This category needs an editor. We encourage you to help if you are qualified.
Volunteer, or read more about what this involves.
Related categories

1125 found
Order:
1 — 50 / 1125
Material to categorize
  1. How to Understand Feelings of Vitality: An Approach to Their Nature, Varieties and Functions.Íngrid Vendrell-Ferran - forthcoming - In Susi Ferrarello (ed.), Phenomenology of Bioethics: Technoethics and Lived Experience.
    A very basic form of experience consists in feeling energetic, vital, alive, tired, dispirited, vigorous and so on. These feelings – which I call feelings of vitality or vital feelings – constitute the main concern of this paper. My aim is to argue that these feelings exhibit a distinctive form of affectivity which cannot be explained in terms of emotions, moods, background feelings or existential feelings and to explore different paths for their conceptualization. The paper proceeds as follows. After introducing (...)
    Remove from this list  
     
    Export citation  
     
    Bookmark  
  2. Navigating Recalcitrant Emotions.Alex Grzankowski - forthcoming - Journal of Philosophy.
    In discussions of the metaphysics and normativity of the emotions, it is commonplace to wheel out examples of (for instance) people who know that rollercoasters aren’t dangerous but who fear them anyway. Such cases are well known to have been troubling for Cognitivists who hold the emotions are (at least in part) judgements or beliefs. But more recently, the very theories that emerged from the failure of Cognitivism (Perceptual theories and other Neo-Cognitivist approaches) have been argued to face trouble as (...)
    Remove from this list   Direct download  
     
    Export citation  
     
    Bookmark  
  3. Fear, Anxiety, and Boredom.Lauren Freeman & Andreas Elpidorou - 2020 - In Thomas Szanto & Hilge Landweer (eds.), The Routledge Handbook of the Phenomenology of Emotion. New York: Routledge. pp. 392-402.
    Phenomenology's central insight is that affectivity is not an inconsequential or contingent characteristic of human existence. Emotions, moods, sentiments, and feelings are not accidents of human existence. They do not happen to happen to us. Rather, we exist the way we do because of and through our affective experiences. Phenomenology thus acknowledges the centrality and ubiquity of affectivity by noting the multitude of ways in which our existence is permeated by our various affective experiences. Yet, it also insists that such (...)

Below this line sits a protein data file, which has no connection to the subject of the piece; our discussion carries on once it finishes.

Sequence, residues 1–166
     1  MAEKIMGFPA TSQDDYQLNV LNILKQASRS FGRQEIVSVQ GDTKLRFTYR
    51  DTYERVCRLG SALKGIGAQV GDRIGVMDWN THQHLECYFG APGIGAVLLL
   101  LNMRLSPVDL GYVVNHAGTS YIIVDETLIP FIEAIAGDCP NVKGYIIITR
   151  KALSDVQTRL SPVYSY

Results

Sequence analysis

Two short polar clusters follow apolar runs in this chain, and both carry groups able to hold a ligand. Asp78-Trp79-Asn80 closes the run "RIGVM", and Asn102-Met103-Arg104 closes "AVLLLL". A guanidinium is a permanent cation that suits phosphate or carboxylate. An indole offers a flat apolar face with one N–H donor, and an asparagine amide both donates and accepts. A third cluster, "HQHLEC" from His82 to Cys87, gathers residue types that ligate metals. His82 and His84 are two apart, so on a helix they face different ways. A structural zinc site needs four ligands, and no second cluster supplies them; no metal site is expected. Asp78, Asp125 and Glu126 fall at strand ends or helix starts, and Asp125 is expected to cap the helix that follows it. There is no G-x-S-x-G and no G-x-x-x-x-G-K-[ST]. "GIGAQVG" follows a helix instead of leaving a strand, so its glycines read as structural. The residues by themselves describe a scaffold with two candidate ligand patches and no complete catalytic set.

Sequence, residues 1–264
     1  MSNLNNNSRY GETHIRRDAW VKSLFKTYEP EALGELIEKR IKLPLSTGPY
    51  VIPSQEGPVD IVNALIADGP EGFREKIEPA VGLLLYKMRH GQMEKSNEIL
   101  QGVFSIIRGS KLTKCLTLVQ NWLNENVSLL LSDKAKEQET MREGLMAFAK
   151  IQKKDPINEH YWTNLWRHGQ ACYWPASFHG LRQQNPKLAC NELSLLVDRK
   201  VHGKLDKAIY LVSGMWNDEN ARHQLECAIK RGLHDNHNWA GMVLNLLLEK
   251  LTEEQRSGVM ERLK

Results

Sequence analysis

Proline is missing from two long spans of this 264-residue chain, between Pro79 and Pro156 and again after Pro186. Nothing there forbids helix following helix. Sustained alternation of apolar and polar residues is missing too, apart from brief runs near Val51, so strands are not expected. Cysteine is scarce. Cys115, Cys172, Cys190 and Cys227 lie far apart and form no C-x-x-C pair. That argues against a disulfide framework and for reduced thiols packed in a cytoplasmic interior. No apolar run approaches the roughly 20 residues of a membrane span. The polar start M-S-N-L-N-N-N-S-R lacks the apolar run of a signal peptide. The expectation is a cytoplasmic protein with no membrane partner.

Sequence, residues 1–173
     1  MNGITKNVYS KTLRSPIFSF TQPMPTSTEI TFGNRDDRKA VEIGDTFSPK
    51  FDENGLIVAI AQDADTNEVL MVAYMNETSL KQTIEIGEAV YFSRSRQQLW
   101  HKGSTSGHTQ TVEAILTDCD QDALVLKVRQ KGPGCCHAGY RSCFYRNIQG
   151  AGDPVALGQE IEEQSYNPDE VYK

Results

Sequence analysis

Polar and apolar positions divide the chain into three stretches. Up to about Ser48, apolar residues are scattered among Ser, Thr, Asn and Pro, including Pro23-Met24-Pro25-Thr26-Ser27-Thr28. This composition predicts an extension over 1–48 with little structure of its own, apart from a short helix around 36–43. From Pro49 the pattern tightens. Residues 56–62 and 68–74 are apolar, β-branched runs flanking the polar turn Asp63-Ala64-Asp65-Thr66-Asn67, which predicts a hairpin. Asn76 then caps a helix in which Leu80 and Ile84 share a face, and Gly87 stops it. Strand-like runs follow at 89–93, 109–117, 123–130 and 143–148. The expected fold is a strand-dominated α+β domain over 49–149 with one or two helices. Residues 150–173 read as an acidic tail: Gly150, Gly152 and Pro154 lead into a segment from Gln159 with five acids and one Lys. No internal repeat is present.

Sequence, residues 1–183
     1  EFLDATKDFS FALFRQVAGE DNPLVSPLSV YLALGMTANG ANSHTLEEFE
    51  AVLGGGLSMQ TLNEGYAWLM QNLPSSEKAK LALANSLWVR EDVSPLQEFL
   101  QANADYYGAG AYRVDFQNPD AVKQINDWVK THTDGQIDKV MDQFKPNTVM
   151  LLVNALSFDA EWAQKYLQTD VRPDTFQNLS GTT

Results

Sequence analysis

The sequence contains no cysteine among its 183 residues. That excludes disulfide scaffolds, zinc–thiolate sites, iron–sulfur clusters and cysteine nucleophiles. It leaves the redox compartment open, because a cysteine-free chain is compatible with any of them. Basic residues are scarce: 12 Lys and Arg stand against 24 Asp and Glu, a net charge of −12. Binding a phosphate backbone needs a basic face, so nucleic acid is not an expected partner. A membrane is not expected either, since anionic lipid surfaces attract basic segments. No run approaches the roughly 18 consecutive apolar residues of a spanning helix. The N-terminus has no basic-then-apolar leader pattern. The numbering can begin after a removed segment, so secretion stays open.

Remove from this list   Direct download  
     
    Export citation  
     
    Bookmark  
  4. Review of Jean Moritz Müller, The World-Directedness of Emotional Feeling. [REVIEW]Jonathan Mitchell - forthcoming - Philosophical Quarterly.
  5. A Kantian Account of Emotions as Feelings1.Alix Cohen - 2020 - Mind 129 (514):429-460.
    The aim of this paper is to extract from Kant's writings an account of the nature of the emotions and their function – and to do so despite the fact that Kant neither uses the term ‘emotion’ nor offers a systematic treatment of it. Kant's position, as I interpret it, challenges the contemporary trends that define emotions in terms of other mental states and defines them instead first and foremost as ‘feelings’. Although Kant's views on the nature of feelings have (...)
    Remove from this list   Direct download (5 more)  
     
    Export citation  
     
    Bookmark  
  6. Neglected Emotions.Andreas Elpidorou - 2020 - The Monist 103 (2):135-146.
    Given the importance of emotions in our everyday lives, it is no surprise that in recent decades the study of emotions has received tremendous attention by a number of different disciplines. Yet despite the many and great advantages that have been made in understanding the nature of emotions, there remains a class of emotional states that is understudied and that demands further elucidation. All contributions to this issue consider either emotions or aspects of emotions that deserve the label ‘neglected’. In (...)
    Remove from this list   Direct download (3 more)  
     
    Export citation  
     
    Bookmark  
  7. Editorial: Introducing the Journal of Philosophy of Emotion.Cecilea Mun - 2020 - Journal of Philosophy of Emotion 1 (1):i-iv.
    Editorial introducing the Journal of Philosophy of Emotion, and the contents of its inaugural issue.
    Remove from this list   Direct download (3 more)  
     
    Export citation  
     
    Bookmark  
  8. Fear of the Gruffalo: A Case of Emotions as Testimony.Alison Duncan Kerr - forthcoming - In Lauren Ware (ed.), The Moral Psychology of Fear.
    Remove from this list  
     
    Export citation  
     
    Bookmark  
  9. Fear of the Gruffalo: A Case of Emotions as Testimony.Alison Duncan Kerr - forthcoming - In Lauren Ware (ed.), The Moral Psychology of Fear.
    Remove from this list  
     
    Export citation  
     
    Bookmark  
  10. Anticipatory Guilt.Alison Duncan Kerr - 2019 - In Bradford Cokelet & Corey J. Maley (eds.), The Moral Psychology of Guilt.
    Remove from this list  
     
    Export citation  
     
    Bookmark  
  11. The Creeps as a Moral Emotion.Jeremy Fischer & Rachel Fredericks - 2020 - Ergo: An Open Access Journal of Philosophy 7 (6):191-217.
    Creepiness and the emotion of the creeps have been overlooked in the moral philosophy and moral psychology literatures. We argue that the creeps is a morally significant emotion in its own right, and not simply a type of fear, disgust, or anger (though it shares features with those emotions). Reflecting on cases, we defend a novel account of the creeps as felt in response to creepy people. According to our moral insensitivity account, the creeps is fitting just when its object (...)
    Remove from this list   Direct download (3 more)  
     
    Export citation  
     
    Bookmark  
  12. Emotion, Wahrnehmung, evaluative Erkenntnis.Jean Moritz Müller - 2011 - In Achim Stephan, Jan Slaby, Henrik Walter & Sven Walter (eds.), Affektive Intentionalität: Beiträge zur welterschließenden Funktion der menschlichen Gefühle. Paderborn, Deutschland: pp. 110-127.